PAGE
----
Design considerations

Nearly all fishing kayaks out there belong to one of the following common basic designs:

1. Sit-in kayak (traditional)

A kayak design inspired by aboriginal kayaks. You sit in the L position, close to the water, with no protection from spray, eddies, waves, etc. Bottom line – You’re unstable, uncomfortable, and unless the weather is perfectly calm and sunny, you’d be wet and probably cold too.

2. Sit-on-top kayak (SOT)

A kayak design whose name is somehow misleading, since a SOT kayak is little more than a paddle board outfitted with a seat and footrests. Sitting higher than in a sit-in kayak makes you less stable, which is why SOT kayaks are usually very wide, and this also makes them hard to paddle as well as slow. In other words, most SOT fishing kayaks are ‘barges’. Some readers might be surprised to learn that contrary to the common belief (hype), SOT kayaks are not self bailing, and like any other watercraft, SOT kayaks can capsize.

3. Hybrid kayak (shallow canoe)

The hybrid kayak design is a crossover between a canoe and a kayak. Essentially, it’s a shallow canoe offering little free board. The hybrid kayak is smaller than common canoes are, which makes it possible for a passenger to paddle it from its middle part with a dual-blade paddle instead of a single-blade (canoe) paddle. Hybrid kayaks can be used only on flat water, and they become impractical on windy days. Regardless of its hull’s form, a hybrid kayak isn’t and cannot be noticeably stabler than a canoe of similar size, and no amount of hype could change this basic limitation on its stability, and therefore on its overall fishability – Anglers intuitively understand the meaning of this word.

4. Pedal driven kayaks

A pedal driven kayak can be a sit-in, SOT or hybrid kayak outfitted with a pedal activated propeller. The pedals can be either rotated or pushed, and the propeller can feature blades swinging left and right, or rotating. In any case, the operator of such kayak sits in the L position, and pushing or turning pedals with their legs exacerbates the discomfort and back pain because their legs push their back against the seat’s backrest more vigorously than they would in a paddling mode.

5. Outrigger kayaks

This category encompasses all kayaks featuring outriggers, whether added or incorporated into the hull. Without discussing every model in detail, the bottom line is that such kayaks offer far less real-world stability than the hype around them suggests. This is because in order to be effective for stabilization, outriggers are required to be big, located in the middle section of the kayak, and at a sufficient distance from its main hull.  None of the outrigger fishing kayaks meets any of these requirements, and practically speaking, each one of them is an exercise in futility, to some extent.  In addition, fishermen don’t like outriggers since these have a tendency to snag fishing lines and interfere with paddling (range of motion), as well as impede the kayak.

One fishing kayak belongs to neither of these categories and presents none of the problems listed above. It is called the W kayak, and it offers numerous additional advantages that are not discussed in this article, since it is already a bit too long…

Review of fishing kayak trends in 2012

It seems like anglers have learned to put in the right perspective the unsubstantiated promises of ‘hands free kayak fishing’ , ‘stand up kayak fishing’, ‘ergonomic seat’, and other hype that’s typical to this market.  After all, you can’t fool all the people all the time…

Since the US economy isn’t exactly booming in recent years, sales of motorboats keep showing weakness, which in its turn sustains the market for cheaper alternatives, I.E. canoes and kayaks. In this market too, the main drive seems to be price, and increasingly so.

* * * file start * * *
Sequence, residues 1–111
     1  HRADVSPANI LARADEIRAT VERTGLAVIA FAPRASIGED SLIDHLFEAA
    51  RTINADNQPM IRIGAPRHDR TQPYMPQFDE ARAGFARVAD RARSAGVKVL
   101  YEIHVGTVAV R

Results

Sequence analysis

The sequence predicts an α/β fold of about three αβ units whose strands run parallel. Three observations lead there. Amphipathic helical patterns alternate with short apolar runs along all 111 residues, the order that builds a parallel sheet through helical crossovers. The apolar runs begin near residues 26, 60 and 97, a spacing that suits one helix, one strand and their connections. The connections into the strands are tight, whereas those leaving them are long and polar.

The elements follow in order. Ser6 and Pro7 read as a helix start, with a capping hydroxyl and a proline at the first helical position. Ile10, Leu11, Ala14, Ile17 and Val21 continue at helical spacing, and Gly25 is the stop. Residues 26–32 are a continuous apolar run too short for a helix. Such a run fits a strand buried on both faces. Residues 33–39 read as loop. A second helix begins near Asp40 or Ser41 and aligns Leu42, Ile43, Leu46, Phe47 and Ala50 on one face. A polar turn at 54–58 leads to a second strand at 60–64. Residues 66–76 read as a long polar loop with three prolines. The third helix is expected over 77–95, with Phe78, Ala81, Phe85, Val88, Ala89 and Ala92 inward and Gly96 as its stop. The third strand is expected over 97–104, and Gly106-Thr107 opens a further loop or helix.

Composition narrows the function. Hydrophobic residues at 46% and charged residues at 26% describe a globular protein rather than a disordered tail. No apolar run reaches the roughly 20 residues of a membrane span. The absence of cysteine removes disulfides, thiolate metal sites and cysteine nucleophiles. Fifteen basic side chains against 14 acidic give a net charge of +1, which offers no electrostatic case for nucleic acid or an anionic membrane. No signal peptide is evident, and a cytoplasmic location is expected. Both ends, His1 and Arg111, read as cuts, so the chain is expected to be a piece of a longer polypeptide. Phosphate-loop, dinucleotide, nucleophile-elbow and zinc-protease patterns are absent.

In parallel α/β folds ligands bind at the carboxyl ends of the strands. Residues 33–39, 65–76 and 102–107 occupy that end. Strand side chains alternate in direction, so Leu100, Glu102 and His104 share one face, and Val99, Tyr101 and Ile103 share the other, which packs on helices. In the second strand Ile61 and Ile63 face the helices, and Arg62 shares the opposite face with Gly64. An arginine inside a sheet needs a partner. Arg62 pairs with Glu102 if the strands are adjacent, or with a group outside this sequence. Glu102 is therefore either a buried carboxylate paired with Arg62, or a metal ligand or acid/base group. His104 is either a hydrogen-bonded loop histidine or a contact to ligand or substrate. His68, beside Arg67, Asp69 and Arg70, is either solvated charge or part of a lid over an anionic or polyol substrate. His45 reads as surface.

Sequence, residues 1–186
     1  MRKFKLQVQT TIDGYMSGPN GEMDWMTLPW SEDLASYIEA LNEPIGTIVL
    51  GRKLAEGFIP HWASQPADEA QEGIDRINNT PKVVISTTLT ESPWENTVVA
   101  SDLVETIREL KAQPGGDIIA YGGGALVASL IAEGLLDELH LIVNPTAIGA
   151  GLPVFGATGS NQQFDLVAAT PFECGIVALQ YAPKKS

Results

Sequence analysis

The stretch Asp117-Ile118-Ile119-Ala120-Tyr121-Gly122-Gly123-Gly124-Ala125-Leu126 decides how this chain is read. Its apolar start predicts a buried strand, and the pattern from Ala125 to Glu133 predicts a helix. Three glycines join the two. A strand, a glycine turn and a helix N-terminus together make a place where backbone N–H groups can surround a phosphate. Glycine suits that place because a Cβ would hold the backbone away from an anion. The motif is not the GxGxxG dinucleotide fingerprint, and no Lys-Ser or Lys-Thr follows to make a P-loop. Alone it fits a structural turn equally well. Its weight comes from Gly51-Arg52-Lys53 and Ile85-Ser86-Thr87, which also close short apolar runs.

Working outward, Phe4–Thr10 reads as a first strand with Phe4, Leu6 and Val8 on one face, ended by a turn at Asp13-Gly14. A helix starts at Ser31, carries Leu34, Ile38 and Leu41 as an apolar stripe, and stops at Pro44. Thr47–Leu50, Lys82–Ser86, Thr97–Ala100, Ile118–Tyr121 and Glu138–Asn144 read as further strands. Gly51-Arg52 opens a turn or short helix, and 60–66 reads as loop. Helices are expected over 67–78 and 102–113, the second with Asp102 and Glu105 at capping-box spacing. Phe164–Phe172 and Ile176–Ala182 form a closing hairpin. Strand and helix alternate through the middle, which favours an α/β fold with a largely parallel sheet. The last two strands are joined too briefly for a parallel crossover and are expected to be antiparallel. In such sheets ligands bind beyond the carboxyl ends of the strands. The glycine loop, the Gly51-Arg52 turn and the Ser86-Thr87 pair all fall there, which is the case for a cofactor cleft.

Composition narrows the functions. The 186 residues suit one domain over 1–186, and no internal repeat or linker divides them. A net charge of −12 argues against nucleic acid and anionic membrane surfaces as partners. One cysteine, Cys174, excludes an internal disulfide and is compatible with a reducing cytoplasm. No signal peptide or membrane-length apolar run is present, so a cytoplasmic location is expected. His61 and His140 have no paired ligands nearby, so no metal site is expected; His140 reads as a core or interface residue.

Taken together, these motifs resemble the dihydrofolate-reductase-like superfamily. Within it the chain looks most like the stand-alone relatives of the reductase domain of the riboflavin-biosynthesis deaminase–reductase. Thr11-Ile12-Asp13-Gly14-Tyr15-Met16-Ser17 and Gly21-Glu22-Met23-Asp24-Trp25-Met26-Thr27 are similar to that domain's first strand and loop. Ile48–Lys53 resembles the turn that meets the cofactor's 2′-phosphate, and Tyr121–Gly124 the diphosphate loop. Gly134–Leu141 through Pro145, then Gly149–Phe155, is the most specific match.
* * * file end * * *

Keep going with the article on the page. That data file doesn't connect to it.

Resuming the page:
In the past year (2012), the main trend that could be observed in high-end fishing kayaks is the quest for more speed, a broader range of travel, and increased safety. In other words – motorized kayaks. And since common fishing kayaks are barely suited for weak electric trolling motors, realistically speaking, the W kayak is the only option out there when outboard gas motors are concerned. This explains the success of the motorized W kayak this year, both in cold and warm regions, inshore and offshore –
In other words, this new concept introduced at the end of 2011 has already proven itself as the real deal for any angler looking for a personal fishing boat that offers all advantages that can be found both in bigger motorboats and in common kayaks, plus some more features and advantages that only a W offers, such as all-water mobility, no need for a special kayak rack, zero back pain, stand up paddling, fishing, and driving , and more…

So what has happened to the electric trolling motor? Nothing, really – It’s a concept that got introduced and energetically pushed into the kayak fishing market by big companies who make electric motors and fishing kayaks. It got people excited, and many of them outfitted their kayak with such a motor. As time passed, the problems associated with this setup became more apparent, and much of the initial enthusiasm has faded.
Electric trolling motors are here to stay in the kayak fishing market, but typically as accessories for kayaks used in small bodies of flat water, and for shorter trips. Relying on these systems for fast moving water, offshore, or longer trips isn’t practical, and that’s where the outboard gas motor shines.

As far as kayak design goes, no big new this year, as usual.
The ‘Hybrid’ kayak that was energetically pushed by one of the major companies in the market hasn’t replaced the sit-on-top (SOT) or the sit-in kayak. The hybrid kayak, which is essentially a shallow canoe, works on flat water but when the wind picks up and the water gets choppy, it’s time for its passengers to head back home, unless they’re in a mood for getting sprayed and bailing out water from the hull.
BTW, that company itself didn’t do too well, and had to change owners.

As before, kayak manufacturers keep relying mainly on their versions of the traditional SOT kayak, and occasionally, a new manufacturer tries to introduce their own version (or perversion) of this concept that has been around for over 40 years, and hasn’t evolved during this period in any significant way.